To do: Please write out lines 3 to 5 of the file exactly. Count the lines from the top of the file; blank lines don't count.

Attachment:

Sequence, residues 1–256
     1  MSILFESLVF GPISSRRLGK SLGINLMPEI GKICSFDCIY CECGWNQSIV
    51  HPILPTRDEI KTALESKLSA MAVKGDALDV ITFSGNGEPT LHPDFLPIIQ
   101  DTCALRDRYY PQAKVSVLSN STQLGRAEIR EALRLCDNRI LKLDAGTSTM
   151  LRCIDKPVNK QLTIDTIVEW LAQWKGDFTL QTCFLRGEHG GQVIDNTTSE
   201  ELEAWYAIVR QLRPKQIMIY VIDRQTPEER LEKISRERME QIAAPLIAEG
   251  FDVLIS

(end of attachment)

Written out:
    51  HPILPTRDEI KTALESKLSA MAVKGDALDV ITFSGNGEPT LHPDFLPIIQ
   101  DTCALRDRYY PQAKVSVLSN STQLGRAEIR EALRLCDNRI LKLDAGTSTM
   151  LRCIDKPVNK QLTIDTIVEW LAQWKGDFTL QTCFLRGEHG GQVIDNTTSE